An upcoming Supreme Court case could have a lasting impact on the rights of people in Kentucky. The case, Torres v. Madrid, deals with the issue of when a person is considered to be seized under the Fourth Amendment when he or she is fleeing from the police.
Background of the case
Police officers in Albuquerque, New Mexico, went to an apartment complex during the early morning on July 15, 2014. The defendant was sitting in her running vehicle in the parking lot. When the police approached her vehicle to try to talk to her, she drove away. The officers shot into her vehicle, striking her. The officers claimed that they were in fear for their lives. She drove to a different parking lot, where she got into a running vehicle and drove 75 miles away to Grants Pass, New Mexico. She checked herself into the hospital in Grants Pass and was arrested. She filed a lawsuit against the two officers, alleging that her shooting was an unconstitutional seizure under the Fourth Amendment. The court granted a motion for summary judgment to dismiss the case, which was upheld by the U.S. Court of Appeals for the 10th Circuit.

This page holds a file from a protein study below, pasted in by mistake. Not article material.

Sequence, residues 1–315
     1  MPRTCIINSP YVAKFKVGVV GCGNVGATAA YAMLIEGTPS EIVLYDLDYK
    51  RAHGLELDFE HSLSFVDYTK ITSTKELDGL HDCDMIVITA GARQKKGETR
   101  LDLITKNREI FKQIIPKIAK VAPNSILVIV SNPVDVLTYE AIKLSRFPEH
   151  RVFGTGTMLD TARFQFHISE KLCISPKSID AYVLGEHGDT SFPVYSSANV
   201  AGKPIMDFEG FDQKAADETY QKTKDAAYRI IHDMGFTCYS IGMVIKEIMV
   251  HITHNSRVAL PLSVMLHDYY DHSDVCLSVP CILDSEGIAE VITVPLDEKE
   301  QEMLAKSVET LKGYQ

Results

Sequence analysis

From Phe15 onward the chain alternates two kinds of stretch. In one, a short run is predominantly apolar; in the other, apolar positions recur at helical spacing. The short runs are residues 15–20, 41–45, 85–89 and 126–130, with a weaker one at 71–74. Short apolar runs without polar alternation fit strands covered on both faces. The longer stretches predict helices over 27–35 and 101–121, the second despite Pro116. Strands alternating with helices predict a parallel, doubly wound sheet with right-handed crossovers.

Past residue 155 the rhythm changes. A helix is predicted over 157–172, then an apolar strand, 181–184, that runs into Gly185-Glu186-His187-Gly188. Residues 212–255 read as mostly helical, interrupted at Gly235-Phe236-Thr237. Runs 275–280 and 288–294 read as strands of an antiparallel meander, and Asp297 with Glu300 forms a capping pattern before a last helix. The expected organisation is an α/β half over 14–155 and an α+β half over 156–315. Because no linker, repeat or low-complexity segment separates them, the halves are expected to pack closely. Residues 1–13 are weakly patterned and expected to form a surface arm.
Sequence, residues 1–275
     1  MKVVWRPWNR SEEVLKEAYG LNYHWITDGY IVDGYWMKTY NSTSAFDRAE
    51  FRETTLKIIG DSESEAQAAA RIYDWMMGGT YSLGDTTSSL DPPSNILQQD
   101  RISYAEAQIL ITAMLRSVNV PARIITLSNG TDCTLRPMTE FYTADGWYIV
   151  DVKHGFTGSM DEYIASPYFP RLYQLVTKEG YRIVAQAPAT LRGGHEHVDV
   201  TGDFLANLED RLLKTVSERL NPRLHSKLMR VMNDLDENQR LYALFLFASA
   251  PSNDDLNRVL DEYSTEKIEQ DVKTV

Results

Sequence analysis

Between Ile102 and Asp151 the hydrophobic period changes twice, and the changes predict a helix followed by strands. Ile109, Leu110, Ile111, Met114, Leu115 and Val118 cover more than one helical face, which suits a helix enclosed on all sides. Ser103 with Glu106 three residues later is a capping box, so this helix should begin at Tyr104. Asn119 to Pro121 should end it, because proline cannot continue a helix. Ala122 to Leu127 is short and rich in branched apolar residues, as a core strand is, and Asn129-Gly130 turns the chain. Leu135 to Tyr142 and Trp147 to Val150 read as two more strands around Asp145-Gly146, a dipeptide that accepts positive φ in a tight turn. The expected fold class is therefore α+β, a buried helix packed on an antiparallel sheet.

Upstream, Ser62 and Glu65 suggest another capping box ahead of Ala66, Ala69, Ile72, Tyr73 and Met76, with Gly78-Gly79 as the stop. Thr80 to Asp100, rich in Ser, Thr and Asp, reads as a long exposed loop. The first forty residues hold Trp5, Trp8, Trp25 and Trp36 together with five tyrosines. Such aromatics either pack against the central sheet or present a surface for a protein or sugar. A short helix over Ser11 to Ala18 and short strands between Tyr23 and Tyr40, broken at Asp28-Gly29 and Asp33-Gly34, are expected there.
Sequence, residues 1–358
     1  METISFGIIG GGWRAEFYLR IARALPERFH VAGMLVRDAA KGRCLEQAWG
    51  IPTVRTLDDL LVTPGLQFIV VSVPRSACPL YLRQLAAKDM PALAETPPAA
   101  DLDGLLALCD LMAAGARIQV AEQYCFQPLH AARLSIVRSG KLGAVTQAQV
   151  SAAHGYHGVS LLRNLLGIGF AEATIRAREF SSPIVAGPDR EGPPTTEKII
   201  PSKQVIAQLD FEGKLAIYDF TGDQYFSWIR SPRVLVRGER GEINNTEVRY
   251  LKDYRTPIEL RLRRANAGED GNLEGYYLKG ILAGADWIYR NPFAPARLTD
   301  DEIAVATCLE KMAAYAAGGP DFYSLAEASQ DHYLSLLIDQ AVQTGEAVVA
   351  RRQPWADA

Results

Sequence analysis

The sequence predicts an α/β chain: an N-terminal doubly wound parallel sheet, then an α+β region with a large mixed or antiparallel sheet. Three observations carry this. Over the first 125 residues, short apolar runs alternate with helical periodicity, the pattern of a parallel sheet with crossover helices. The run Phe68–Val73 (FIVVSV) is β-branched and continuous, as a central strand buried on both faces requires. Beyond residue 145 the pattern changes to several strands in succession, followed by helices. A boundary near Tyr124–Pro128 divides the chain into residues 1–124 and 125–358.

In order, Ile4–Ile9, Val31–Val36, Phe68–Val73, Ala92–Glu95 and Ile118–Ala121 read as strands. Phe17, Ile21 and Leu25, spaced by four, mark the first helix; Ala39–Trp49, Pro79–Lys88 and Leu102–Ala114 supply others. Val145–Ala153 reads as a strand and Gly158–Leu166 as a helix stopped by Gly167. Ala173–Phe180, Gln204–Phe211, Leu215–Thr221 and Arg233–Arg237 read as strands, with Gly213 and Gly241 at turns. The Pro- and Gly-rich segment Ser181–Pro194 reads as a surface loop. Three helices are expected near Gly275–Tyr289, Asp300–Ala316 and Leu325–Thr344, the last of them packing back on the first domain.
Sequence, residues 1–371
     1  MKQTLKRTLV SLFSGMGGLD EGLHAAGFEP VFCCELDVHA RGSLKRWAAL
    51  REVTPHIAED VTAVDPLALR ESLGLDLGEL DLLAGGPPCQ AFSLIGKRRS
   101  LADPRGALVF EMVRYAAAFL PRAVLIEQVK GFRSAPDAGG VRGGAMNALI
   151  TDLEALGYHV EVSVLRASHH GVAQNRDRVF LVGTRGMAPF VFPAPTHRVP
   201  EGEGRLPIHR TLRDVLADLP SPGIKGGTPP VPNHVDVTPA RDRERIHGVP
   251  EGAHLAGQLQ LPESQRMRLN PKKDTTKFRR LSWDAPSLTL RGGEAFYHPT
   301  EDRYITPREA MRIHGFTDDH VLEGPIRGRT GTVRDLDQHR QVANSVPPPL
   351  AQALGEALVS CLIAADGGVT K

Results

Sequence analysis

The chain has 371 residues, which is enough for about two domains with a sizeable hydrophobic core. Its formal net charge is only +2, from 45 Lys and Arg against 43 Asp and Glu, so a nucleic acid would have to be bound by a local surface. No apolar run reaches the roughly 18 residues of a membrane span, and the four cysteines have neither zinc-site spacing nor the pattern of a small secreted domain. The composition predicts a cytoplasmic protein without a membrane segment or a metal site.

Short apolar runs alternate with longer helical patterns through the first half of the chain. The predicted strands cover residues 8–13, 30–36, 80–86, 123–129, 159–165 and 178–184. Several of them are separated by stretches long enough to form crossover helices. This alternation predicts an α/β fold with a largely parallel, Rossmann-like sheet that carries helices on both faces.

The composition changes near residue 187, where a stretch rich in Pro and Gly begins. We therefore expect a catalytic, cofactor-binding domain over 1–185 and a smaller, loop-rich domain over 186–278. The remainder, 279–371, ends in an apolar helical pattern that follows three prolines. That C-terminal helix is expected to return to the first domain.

The issue and the potential effect of the decision
The Supreme Court will decide at what point a fleeing person is considered to be seized for Fourth Amendment purposes. The defendant argues that she was seized as soon as she was shot even though she drove away. The officers argue that she was not seized when she was shot because she fled. If the court rules for the officers, the right against unreasonable seizures may be weakened because something more substantial than holding a person who is not free to leave might be required before the Fourth Amendment protections would apply.
The Fourth Amendment provides important protections to people against unreasonable searches and seizures. However, determining what is reasonable and the point at which someone is seized can be difficult. When officers violate the constitutional rights of defendants during their investigations, experienced criminal defense attorneys might be able to have the illegally-gathered evidence suppressed and potentially secure dismissals of the charges.